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Grandmother Grace
Ronald Wallace

I didn't give her a goodbye kiss
as I went off in the bus for the last time,
away from her House in Williamsburg, Iowa,
away from her empty house with Jesus
on all of the walls, with clawfoot tub and sink,
with the angular rooms that trapped my summers.

I remember going there every summer—
every day beginning with that lavender kiss,
that face sprayed and powdered at the upstairs sink
then mornings of fragile teacups and old times,
afternoons of spit-moistened hankies and Jesus,
keeping me clean in Williamsburg, Iowa.

Cast off, abandoned, in Williamsburg, Iowa,
I sat in that angular house with summer
dragging me onward, hearing how Jesus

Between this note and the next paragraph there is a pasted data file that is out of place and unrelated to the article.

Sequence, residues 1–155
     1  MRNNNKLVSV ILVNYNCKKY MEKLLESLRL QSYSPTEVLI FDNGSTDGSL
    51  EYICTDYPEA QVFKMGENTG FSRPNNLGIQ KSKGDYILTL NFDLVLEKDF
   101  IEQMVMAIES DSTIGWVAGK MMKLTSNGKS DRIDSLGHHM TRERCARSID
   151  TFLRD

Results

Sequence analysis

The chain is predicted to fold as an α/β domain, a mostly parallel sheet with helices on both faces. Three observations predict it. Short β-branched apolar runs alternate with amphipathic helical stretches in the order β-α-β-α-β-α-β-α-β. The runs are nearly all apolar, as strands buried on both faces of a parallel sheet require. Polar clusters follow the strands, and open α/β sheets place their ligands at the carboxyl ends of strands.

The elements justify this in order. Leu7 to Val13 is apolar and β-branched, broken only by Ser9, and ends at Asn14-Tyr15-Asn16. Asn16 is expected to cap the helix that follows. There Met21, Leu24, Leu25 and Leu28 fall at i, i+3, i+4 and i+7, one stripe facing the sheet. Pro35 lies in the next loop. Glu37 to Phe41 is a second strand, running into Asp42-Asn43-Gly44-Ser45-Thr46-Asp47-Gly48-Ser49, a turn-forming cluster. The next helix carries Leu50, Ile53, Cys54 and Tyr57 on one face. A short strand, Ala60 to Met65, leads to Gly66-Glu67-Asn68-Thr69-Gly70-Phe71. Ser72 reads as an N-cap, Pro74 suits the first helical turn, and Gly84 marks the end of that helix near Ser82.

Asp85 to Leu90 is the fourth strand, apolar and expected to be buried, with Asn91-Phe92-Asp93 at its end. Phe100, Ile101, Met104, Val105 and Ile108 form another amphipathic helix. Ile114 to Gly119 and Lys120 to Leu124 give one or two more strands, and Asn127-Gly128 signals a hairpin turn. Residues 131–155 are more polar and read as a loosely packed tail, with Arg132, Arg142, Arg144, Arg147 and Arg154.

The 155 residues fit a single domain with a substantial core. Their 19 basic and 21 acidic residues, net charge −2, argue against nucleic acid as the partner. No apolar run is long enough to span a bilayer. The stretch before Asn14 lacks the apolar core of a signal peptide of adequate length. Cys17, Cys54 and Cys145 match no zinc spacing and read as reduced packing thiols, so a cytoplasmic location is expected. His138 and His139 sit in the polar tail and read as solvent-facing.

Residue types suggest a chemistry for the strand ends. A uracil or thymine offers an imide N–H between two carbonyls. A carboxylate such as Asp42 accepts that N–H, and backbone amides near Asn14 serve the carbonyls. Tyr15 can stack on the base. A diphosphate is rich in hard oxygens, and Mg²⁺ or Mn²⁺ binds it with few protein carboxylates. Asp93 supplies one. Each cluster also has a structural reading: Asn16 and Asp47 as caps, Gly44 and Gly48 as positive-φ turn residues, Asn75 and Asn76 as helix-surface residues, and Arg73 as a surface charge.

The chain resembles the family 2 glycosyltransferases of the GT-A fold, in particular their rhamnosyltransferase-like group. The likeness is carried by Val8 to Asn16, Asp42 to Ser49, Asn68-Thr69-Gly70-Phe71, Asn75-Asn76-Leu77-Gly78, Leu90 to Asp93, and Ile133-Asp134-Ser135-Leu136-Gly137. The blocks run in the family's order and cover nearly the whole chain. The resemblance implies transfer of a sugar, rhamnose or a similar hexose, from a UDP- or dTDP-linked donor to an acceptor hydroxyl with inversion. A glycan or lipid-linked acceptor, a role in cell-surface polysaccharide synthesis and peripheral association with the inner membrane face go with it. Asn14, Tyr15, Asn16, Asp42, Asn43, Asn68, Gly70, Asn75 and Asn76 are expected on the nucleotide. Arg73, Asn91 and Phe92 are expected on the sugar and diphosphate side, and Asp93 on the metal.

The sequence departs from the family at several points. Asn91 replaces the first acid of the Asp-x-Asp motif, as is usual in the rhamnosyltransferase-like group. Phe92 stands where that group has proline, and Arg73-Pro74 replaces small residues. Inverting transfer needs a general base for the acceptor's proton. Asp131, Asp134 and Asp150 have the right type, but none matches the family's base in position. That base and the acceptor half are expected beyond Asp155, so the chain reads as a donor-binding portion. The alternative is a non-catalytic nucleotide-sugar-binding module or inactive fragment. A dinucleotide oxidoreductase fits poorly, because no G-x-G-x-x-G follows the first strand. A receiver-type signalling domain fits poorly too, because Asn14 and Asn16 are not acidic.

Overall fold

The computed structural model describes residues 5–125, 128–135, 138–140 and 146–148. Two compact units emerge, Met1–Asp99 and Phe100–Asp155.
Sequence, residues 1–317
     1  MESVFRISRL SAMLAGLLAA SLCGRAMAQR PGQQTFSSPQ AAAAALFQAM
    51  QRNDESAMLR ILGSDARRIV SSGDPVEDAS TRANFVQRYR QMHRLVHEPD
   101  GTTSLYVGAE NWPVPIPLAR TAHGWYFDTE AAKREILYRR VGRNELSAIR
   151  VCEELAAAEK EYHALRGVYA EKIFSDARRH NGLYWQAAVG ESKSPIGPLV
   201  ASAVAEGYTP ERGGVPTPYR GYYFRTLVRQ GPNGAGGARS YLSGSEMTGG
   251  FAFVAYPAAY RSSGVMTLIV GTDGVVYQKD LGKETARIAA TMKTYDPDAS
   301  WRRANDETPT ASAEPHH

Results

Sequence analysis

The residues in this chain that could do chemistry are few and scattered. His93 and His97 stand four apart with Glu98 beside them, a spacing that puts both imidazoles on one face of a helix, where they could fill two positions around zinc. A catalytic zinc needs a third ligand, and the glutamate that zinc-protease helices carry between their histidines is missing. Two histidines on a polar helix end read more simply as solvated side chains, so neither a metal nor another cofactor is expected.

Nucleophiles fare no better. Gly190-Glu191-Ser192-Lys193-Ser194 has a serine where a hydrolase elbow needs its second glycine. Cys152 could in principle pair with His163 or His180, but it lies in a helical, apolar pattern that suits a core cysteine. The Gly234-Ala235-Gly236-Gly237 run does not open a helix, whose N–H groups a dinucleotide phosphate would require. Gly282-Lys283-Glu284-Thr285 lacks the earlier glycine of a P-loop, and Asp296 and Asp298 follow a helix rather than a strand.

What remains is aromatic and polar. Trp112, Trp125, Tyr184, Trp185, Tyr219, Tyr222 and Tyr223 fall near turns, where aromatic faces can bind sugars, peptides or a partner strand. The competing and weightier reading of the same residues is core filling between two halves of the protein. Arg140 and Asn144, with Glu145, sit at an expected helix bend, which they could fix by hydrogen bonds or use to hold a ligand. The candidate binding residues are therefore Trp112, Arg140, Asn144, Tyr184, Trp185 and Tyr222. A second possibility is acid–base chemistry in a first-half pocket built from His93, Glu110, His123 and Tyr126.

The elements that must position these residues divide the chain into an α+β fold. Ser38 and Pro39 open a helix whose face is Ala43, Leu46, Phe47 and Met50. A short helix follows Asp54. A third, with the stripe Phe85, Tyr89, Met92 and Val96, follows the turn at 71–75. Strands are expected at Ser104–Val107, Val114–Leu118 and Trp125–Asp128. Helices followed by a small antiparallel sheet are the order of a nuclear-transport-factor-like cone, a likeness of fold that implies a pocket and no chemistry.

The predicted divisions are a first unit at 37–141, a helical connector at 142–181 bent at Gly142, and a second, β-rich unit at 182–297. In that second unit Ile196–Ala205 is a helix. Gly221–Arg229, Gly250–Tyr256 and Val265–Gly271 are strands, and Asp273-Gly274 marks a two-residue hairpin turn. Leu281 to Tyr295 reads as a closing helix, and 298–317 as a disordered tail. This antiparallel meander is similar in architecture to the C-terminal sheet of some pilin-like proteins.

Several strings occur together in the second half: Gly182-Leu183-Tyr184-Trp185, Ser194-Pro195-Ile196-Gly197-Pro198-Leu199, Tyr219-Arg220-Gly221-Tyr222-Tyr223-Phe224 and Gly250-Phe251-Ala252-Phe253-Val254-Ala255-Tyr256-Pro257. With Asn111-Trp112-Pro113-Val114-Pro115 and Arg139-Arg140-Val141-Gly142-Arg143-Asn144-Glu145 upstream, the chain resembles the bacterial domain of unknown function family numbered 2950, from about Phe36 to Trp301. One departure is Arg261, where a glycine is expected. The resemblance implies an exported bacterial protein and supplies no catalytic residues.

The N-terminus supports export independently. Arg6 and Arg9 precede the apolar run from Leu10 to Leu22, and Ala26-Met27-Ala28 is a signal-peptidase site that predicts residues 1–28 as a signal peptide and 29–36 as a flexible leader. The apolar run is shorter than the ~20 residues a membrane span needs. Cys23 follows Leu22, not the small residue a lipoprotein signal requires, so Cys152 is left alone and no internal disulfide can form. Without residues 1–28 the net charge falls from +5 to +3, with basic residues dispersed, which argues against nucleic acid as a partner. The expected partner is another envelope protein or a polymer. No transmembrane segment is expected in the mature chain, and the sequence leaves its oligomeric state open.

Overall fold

loved Judas despite his last kiss,
how he turned his other cheek time after time,
how God wouldn't let the good person sink.

Months later, at Christmas, my heart would sink
when that flowery letter from Williamsburg, Iowa
arrived, insistent, always on time,
stiff and perfumed as summer.
She always sealed it with a kiss,
a taped-over dime, and the words of Jesus.

I could have done without the words of Jesus;
the dime was there to make the message sink
in, I thought; and the violet kiss,
quavering and frail, all the way from Williamsburg, Iowa,
sealed some agreement we had for the next summer
as certain and relentless as time.

I didn't know this would be the last time.
If I had, I might have even prayed to Jesus
to let me see her once again next summer.
But how could I know she would sink,
her feet fat boats of cancer, in Williamsburg, Iowa,
alone, forsaken, without my last kiss?

I was ten, Jesus, and the idea of a kiss
at that time made my young stomach sink.
Let it be summer. Let it be Williamsburg, Iowa.

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